So it’s been many years since Texas Republicans had reason to cross over into the Democrat primary. Although it would be a cold day in Hell before I would do so (I do usually split my ticket in November though.), I think this development is healthy. Being a one party state or close to it breeds corruption and complacency regardless of which one party is in power. As a Republican precinct chair, I saw first hand negative effects of Denton County being a one party Republican county. It woke me up to the fact that the rot of one party politics isn’t just a Democrat problem. So I think the strong Democrat primary yesterday was healthy, both for Texas and for the Texas Republican Party.

And, yes, I’m also glad we slowed down Obamarama.

More here and here.

And I am ready to hear confessions from Republicans who crossed over.

Tuesday, March 04, 2008

A Sample of Obama’s Religion

It includes equal adoption rights for homosexual couples. Read more here.

Remember, he’s United “Church” of Christ.

The Texas and Ohio primaries are today, by the way.

Monday, March 03, 2008


In commenting on Michael Ingham’s attack on Dr. J. I. Packer, the Anglican Church League of Sydney absolutely nails it.
(The emphasis is mine. Thanks go out to Stand Firm.)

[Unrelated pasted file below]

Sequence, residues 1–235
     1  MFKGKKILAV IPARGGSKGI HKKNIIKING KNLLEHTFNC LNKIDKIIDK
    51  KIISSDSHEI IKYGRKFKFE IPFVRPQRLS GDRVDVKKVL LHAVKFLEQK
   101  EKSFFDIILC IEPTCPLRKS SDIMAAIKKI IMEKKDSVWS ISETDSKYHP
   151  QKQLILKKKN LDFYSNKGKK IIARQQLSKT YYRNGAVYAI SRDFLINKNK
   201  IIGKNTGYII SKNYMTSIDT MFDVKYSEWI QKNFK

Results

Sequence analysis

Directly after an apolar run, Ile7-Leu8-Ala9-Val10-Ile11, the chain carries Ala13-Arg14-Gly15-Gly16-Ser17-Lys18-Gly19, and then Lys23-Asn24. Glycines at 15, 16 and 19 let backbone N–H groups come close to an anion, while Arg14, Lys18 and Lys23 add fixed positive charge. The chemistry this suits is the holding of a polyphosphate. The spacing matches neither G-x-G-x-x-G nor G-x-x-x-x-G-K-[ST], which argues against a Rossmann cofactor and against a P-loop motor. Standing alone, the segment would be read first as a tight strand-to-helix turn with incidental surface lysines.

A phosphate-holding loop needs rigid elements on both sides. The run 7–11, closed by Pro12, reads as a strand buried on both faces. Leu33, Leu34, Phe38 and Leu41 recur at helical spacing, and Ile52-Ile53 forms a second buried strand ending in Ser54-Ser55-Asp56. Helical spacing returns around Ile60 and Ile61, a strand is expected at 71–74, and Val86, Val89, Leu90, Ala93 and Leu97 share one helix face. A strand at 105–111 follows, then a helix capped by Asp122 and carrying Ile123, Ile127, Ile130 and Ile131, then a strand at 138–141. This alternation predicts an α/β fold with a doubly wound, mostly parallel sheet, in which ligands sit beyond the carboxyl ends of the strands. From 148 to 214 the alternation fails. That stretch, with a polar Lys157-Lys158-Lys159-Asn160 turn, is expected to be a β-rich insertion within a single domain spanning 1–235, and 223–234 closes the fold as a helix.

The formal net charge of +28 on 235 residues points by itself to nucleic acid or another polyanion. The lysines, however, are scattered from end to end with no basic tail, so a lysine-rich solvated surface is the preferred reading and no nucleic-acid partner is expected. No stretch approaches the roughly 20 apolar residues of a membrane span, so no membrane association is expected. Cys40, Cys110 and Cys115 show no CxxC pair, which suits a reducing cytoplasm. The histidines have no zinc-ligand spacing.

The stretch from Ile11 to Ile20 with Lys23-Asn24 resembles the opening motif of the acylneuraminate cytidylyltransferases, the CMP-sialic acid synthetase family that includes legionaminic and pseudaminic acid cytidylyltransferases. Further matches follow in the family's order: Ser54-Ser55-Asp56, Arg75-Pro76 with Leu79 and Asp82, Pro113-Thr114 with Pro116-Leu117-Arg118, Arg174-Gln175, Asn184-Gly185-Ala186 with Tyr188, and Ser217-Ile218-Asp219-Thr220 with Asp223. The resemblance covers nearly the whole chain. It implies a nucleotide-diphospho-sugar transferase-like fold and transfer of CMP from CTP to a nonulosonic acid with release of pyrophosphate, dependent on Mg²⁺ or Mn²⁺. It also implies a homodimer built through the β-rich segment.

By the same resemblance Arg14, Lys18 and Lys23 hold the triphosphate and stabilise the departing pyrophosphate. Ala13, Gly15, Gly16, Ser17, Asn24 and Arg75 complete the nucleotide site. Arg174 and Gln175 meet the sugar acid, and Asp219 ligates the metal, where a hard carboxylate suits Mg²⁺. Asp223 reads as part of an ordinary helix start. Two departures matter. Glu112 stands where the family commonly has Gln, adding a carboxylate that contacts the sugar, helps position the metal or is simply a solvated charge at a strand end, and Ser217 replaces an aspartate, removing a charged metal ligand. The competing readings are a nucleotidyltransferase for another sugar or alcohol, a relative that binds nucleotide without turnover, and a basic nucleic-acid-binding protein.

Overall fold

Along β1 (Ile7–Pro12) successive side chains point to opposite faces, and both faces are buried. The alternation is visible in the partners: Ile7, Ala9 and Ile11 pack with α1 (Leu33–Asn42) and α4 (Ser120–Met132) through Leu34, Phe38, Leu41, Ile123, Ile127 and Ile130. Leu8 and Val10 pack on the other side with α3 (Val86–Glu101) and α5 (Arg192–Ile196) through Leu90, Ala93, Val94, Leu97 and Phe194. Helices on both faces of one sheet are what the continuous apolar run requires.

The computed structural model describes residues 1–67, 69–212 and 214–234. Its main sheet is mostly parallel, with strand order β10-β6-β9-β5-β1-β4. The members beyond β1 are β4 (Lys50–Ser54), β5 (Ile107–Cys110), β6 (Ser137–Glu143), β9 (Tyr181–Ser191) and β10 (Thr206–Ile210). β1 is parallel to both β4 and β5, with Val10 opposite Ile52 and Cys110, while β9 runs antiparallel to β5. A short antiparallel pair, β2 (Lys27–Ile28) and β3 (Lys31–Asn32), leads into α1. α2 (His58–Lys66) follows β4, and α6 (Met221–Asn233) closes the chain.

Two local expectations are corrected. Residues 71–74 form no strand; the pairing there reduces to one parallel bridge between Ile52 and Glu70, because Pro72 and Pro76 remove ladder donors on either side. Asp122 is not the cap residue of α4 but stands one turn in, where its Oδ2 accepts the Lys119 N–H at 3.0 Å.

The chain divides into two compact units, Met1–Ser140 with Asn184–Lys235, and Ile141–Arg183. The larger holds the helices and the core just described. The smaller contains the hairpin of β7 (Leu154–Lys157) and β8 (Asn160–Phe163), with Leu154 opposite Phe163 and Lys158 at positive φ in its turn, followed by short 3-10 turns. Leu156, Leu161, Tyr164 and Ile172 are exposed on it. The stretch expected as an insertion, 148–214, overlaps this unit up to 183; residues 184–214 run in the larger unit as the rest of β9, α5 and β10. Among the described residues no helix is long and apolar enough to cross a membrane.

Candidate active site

The ACL notes with alarm the Bishop of New Westminster’s threat to revoke Professor J I Packer’s ‘spiritual authority as a minister of Word and Sacraments’.

Professor Packer, one of the leading Christian voices of the twentieth century, is amongst those who have voted to stand with authentic and orthodox Anglicans rather than those who have undermined biblical truth over many decades and most recently by their innovations regarding homosexual practice. As one of these he has now become a target for revisionist aggression. Once again the intolerance and anti-liberal heart of liberal Christianity has been exposed.

Professor Packer continues to be held in the highest regard by all those who seek to live in faith and obedience to the Scriptures as the written word of God. As a disciple of Jesus Christ he has provided a remarkable example of faithfulness and steadfastness for more than fifty years. We in the ACL assure him of our love, support, and continued prayer for him at this difficult time.